Dartmoor Explorations

A collection of walks, discoveries, insights and pictures of exploring Dartmoor National Park

Rundlestone Farm (Rundlestone Inn / Big House)

Rundlestone (sometimes called Rendlestone) Corner at the junction of the Princetown road and the Tavistock / Two Bridges road may appear to the casual observer to be devoid of any interest. However, on closer inspection, historically there was a building here which was named; Rundlestone Farm, Rundlestone Inn and finally Big House. The area also (still) has three inscribed rocks and a fourth was here historically.

The building at Rundlestone is no longer extant. However the gateway entrance and the level platform on which it once stood can still be found. The three inscribed rocks (which the author has also described in other posts) are a Director Convicts Prison (DCP) stone inlaid into the road, a Tavistock Turnpike stone and an old milestone. There was also once a large (7ft) upright inscribed with an “R” which was called the “Rundle Stone” or the “Great stone called Roundle”.

Bibliography:

  1. Devon County Council, 1838-1848, Tithe Mosaic, approximately 1838-1848 
  2. S. Probert, (circa 2002), An archaeological survey and evaluation of Dartmoor Prison Farm
  3. Christopher Gardner-Thorpe, 2003, The Book of Princetown – Thomas Tyrwitt’s Dartmoor Town
  4. E. Stanbrook, (2002), Dartmoor’s War Prison & Church 1805-1817
  5. R. Joy, (2002), Dartmoor Prison A Complete Illustrated History Volume 2 The Convict Prison 1850-Present Day At Her Majesty’s Pleasure,
0. Map
Annotated 19th century map showing the location of Rundlestone Farm (Rundlestone Inn / Big House). Of significance is the water supply to the building, which came from the Prison Leat (piped under the road). Potable water, however, was obtained from a tap at Rook’s House a short distance away to the north west until mains water from the pumping house arrived in 1938.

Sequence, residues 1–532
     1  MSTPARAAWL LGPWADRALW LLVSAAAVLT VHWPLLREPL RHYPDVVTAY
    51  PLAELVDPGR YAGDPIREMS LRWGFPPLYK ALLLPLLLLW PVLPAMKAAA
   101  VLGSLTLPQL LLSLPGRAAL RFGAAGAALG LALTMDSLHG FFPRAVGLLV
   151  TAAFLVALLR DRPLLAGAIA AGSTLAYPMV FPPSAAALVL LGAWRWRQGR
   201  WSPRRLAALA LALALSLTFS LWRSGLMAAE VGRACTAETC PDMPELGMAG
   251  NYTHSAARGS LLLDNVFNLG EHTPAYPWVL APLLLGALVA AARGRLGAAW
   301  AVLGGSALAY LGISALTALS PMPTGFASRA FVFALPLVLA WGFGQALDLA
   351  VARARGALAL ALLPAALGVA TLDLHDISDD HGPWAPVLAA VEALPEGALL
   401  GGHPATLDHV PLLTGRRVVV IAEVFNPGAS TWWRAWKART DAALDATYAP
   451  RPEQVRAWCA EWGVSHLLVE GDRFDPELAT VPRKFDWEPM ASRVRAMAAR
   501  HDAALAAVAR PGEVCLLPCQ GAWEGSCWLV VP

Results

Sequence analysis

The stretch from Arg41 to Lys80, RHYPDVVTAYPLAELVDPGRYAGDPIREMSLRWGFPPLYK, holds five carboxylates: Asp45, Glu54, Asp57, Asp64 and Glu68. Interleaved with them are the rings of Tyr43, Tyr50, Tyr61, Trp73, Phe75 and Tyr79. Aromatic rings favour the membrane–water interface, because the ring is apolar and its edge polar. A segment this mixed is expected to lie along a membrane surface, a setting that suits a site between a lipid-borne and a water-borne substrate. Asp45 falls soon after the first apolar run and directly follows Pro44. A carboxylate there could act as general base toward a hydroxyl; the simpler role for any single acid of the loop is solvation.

1. Google Map
The features covered in this post. The site of the “Great stone called Roundle” or the “Rundlestone” is open to some debate. Some observers record it as having been on the north side of the road and some of the south.
2. Rundlestone Inn a
Rundlestone “Big House” and Rundlestone Pond. This picture must have been taken at the bottom of the tarmac road which leads up to North Hessary. The pond is said to have been filled in with junk, which included shell cases from the war,
3. Gatepost a
The entrance to the Rundlestone Farm can still be found next to the Princetown road at SX57638 74932.
3. Gatepost b
Of interest in the filled in gateway is a square “cross-hashed” stone. One wonders if this was a step relating to the old building where ‘grip’ was required.
4. Rundlestone Inn b
Looking over the wall (from B3357) at the location of the former building. The building is shown on most 19th century maps and on the Tithe Map it is depicted as being square shaped and has a small square building to the east. The associated gardens are to the north and some of the boundaries survive as low banks 1.5m wide x 0.3m high.
4. Rundlestone Inn c
The foundations are more evidence when viewed from the Princetown road at the “pull-in”, which was formerly the location of a cattle grid (which ironically is still shown on OS Maps).
4. Rundlestone Inn d
The Tithe Apportionment for ‘Rendle Stone Farm’ lists Field Number 1 as ‘Dwelling-house, Outhouse, Court and Garden’. The picture shows the remains of a 50m x 20m platform quite clearly in the snow (January 2023). There is a slight contradiction in the historical records insofar that Elisabeth Stanbrook wrote (in 2002) that the building was known as “The Rundlestone Inn” and appeared to date from 1814, under licensee Richard Hall. The Book of Princetown suggests it was built in the 1830s. Therefore, there is a 20 year span of probable date it was built and a contradiction of use (unless it was both a farm and an inn at the same time).
4. Rundlestone Inn e
This picture (Kindly supplied by Gary Liversidge through Princetown History Society Facebook page) is the building from 1950’s, at which point it was called “Big House”. The picture is likely to have been taken around 1957 when the building was demolished.
4. Rundlestone Inn f
An attempted overlay of the 1957 picture onto a January 2023 scene. The author believes the orientation is correct due to the terrain and walls surrounding the black and white picture.
4. Rundlestone Inn g